Jack Pekarsky ©

From that, how has ORIENS developed at college and beyond?
I’m actually still in my third year at Parsons— ORIENS was started post Junior Year during the pandemic, as a way to continue the momentum of my explorations that were beginning to take form.  Returning has definitely been an interesting adjustment after working in such a secluded, internal way at home, where I really relied on and trusted a sense of spontaneity in ideas and was driven purely by the desire to physically realize them. I’m taking the opportunity now to delve deeper into research, creating a more meticulous process in my construction and fittings, and expanding the methods and processes to my work. I think at one point I feared that there would be a divergence between the two bodies of work, but through the experience I’m learning that the core principles of ORIENS are in the end embodied within me, and despite the new works pushing into a more complex space, they are very much a natural and unified forward evolution.

Your pieces possess a tension between being complex and intricate designs and still being functional and wearable. Can you talk a bit about this central concern?
This is something incredibly important to me within my design processes. I love complexity and intricacy, but I also believe that garments should be central to the form they take on, which is the body. It’s a form with its own needs and restrictions, especially as it comes in interaction with the world. It is in thinking of this interactive element, both garment to body, and body to world, that intricacy and complexity need to be mediated with utility, to be meaningful and thoughtful in their integration into a piece. Intricacy, sensuality, all these adornments to the body need to feel meaningful in their addition, in honorance of the form it takes.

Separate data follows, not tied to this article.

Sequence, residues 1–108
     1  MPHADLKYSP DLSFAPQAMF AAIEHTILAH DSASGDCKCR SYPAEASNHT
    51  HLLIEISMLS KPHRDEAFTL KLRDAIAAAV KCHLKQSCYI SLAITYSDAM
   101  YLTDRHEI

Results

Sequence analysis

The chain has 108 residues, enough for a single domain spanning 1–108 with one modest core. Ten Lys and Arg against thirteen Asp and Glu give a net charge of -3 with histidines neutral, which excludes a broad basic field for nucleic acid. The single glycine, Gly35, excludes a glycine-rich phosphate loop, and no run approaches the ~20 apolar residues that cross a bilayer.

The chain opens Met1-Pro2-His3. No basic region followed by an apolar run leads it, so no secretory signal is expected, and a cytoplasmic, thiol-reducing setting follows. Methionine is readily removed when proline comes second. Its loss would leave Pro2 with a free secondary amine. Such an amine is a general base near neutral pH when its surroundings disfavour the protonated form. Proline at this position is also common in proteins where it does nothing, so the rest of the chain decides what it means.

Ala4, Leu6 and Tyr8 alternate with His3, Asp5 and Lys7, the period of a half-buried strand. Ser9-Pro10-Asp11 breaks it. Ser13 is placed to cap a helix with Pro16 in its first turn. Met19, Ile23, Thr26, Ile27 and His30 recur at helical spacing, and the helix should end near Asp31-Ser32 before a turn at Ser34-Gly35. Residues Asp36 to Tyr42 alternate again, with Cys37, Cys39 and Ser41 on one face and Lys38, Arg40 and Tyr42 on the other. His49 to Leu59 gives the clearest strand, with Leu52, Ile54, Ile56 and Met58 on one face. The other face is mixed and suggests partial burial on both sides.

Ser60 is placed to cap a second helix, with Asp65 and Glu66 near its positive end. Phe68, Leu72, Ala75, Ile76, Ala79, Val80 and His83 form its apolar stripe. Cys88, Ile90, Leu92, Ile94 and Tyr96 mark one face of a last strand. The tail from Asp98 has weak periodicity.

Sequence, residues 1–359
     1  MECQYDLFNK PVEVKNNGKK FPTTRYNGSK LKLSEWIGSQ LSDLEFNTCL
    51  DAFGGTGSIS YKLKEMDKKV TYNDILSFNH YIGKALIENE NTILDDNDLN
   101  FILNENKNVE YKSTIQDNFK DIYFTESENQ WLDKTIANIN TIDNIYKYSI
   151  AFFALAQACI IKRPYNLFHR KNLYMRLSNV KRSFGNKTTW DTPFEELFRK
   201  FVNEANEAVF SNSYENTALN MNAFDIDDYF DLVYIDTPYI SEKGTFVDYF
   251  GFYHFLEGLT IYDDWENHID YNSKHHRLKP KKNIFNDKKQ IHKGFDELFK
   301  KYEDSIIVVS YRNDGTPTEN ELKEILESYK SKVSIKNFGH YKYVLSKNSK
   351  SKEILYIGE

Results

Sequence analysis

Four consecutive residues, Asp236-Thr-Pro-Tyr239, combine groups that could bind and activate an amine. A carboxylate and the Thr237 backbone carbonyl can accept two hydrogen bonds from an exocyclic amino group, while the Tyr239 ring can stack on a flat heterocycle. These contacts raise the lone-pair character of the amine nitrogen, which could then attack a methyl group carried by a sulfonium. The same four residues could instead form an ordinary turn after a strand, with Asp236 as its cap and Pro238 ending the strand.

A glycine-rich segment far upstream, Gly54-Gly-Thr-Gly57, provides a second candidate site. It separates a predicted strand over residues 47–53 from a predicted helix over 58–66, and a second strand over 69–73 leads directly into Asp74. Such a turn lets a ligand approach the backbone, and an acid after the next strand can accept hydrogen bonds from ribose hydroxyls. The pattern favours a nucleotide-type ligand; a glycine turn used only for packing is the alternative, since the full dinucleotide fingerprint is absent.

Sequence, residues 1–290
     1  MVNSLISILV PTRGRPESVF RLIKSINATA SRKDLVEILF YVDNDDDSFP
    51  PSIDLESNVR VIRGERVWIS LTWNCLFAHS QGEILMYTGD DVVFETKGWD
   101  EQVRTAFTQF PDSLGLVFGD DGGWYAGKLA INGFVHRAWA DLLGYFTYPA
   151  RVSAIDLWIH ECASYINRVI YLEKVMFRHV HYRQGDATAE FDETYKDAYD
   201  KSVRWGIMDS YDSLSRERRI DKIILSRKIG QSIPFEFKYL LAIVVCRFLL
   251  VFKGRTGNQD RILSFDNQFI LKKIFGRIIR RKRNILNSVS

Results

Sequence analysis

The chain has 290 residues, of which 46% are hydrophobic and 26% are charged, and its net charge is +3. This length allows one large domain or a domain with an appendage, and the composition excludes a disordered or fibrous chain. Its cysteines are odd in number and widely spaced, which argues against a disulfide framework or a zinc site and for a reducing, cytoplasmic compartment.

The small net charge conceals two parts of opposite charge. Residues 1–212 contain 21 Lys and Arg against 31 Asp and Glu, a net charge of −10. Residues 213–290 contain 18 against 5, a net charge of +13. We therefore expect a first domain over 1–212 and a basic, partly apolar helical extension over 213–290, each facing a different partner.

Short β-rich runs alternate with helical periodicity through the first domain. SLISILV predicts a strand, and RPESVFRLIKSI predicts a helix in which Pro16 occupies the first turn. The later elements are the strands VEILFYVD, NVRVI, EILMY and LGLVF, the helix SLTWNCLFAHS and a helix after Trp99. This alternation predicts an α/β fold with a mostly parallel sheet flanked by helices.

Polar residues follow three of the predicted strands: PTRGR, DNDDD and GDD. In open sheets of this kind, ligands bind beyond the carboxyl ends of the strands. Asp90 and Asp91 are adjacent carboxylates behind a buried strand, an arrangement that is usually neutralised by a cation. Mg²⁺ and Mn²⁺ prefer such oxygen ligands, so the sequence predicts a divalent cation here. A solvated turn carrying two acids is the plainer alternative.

Can you guide us through your creative process?
My creative process still very much comes from spontaneous visuals. They come to me in parts, whether line forms or parts of a garment, which I sketch up in my phone’s notes. There are probably almost 100 pages of them, many of them so messy that they are barely coherent especially as time passes and I lose sight of what that original flash of an image looked like in my head, but the ones that remain striking get refined through extrapolations, iterations and refinements to arrive at their final form. 

Sometimes aspects get changed in the process of making, to accommodate fit or function, but that’s a necessary mediation between an intangible idea and physical reality. I also believe very strongly in creating a space around you that reflects your design facets – our brains work in such complex and intricate ways, where information is constantly being digested and processed from the physical and technological spaces we interact with, that an alignment with your surroundings, whether personal physical space, visuals, ideologies or people, is incredibly important to the process and output of your ideas.

I read that your designs are inspired by the future, and the female body, which I think definitely filter through to your work. With this in mind, what are your favourite designs to make and wear?
My personal favourite for wearing on the everyday is the Orbit Set. It encompasses all these elements you mentioned—  being visually evocative as futurist, interacting closely with the body underneath without sacrificing comfort— while remaining simple and effortless. Its revealing of the body is unexpected yet sensual, toeing the line between comfort and body consciousness.